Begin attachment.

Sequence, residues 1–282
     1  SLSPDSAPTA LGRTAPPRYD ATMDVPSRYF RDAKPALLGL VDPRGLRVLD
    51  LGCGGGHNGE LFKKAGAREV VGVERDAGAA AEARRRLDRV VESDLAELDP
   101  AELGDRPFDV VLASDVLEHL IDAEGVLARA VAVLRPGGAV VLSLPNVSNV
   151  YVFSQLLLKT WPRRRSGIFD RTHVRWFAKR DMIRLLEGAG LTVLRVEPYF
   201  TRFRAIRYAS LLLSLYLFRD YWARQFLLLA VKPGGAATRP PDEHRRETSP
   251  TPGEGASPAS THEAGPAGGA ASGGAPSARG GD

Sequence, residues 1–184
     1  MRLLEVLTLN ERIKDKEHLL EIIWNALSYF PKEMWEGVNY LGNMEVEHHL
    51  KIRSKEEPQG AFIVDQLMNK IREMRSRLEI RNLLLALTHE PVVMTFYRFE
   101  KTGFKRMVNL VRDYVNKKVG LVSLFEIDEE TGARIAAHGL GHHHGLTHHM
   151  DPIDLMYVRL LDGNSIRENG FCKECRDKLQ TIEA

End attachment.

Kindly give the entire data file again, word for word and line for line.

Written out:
Sequence, residues 1–282
     1  SLSPDSAPTA LGRTAPPRYD ATMDVPSRYF RDAKPALLGL VDPRGLRVLD
    51  LGCGGGHNGE LFKKAGAREV VGVERDAGAA AEARRRLDRV VESDLAELDP
   101  AELGDRPFDV VLASDVLEHL IDAEGVLARA VAVLRPGGAV VLSLPNVSNV
   151  YVFSQLLLKT WPRRRSGIFD RTHVRWFAKR DMIRLLEGAG LTVLRVEPYF
   201  TRFRAIRYAS LLLSLYLFRD YWARQFLLLA VKPGGAATRP PDEHRRETSP
   251  TPGEGASPAS THEAGPAGGA ASGGAPSARG GD

Sequence, residues 1–184
     1  MRLLEVLTLN ERIKDKEHLL EIIWNALSYF PKEMWEGVNY LGNMEVEHHL
    51  KIRSKEEPQG AFIVDQLMNK IREMRSRLEI RNLLLALTHE PVVMTFYRFE
   101  KTGFKRMVNL VRDYVNKKVG LVSLFEIDEE TGARIAAHGL GHHHGLTHHM
   151  DPIDLMYVRL LDGNSIRENG FCKECRDKLQ TIEA